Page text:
In Wynn’s case, its international plans are also focused on its land-based operations, with a proposed resort in the Middle East in its design phase. “Over the course of the past 20 years, you’ve seen both consumers and governments embrace IRs. I mean, tax revenue, tourism, great experiences, there are all kinds of reasons to support integrated resorts,” Billings said. “I think you are going to continue to see that.”
With respect to Wynn’s upcoming venue in the UAE -a development that has been labeled as “groundbreaking” in the Gulf’s relationship with gaming-, Billings said the company is “really excited” about the opportunityas it implies a meaningful extension of its brand, putting it within 95% of consumers if they want to take an eight-hour flight or less.
Goldstein also sees Asia opening to gambling, with countries such as Japan, Indonesia, Malaysia, Korea and Vietnam seeking to enter this space. But challenges are still present there, with Sands’ CEO describing “employees and airlift” as two main factors to consider in markets such as Singapore, which he expects to rebound in the future.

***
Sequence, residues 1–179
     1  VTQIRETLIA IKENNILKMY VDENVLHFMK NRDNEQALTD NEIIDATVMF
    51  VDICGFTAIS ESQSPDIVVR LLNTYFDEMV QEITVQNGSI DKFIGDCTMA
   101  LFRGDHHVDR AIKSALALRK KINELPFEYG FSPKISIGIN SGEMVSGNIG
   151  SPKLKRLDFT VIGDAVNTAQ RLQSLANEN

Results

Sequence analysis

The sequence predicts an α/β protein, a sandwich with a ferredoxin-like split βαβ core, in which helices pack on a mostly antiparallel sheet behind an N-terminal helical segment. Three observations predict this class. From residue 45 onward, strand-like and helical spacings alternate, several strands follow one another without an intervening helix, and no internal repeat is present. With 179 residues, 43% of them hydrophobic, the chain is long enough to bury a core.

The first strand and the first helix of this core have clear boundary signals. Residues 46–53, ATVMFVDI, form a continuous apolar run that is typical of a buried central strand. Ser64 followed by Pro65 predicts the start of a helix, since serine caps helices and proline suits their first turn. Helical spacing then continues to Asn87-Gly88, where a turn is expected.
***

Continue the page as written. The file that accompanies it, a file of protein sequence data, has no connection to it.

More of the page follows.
Sands’ boss also finds Macau poised to grow back to its former self: “I find it funny that people question Macau’s return,” he stated. “Of course, it’s been a hard couple of years. […] You got to basically hunker down and wait for it to turn. It’s going to turn probably this year or next.”
“And when it does, Macau will go back to making – you know, we made at the peak $3.5 billion EBITDA. I think we’ll make a lot more than that in the future there,” he noted. For Hornbuckle, Macau is the largest gaming market in the world “bar none,” and it “will forever be.”
During the panel, Goldstein also briefly touched upon the Macau license renewals, stating the issue is “on the right path.” The one thing the company now waits for is the Covid resolution in China, which the CEO sees as “inevitable.”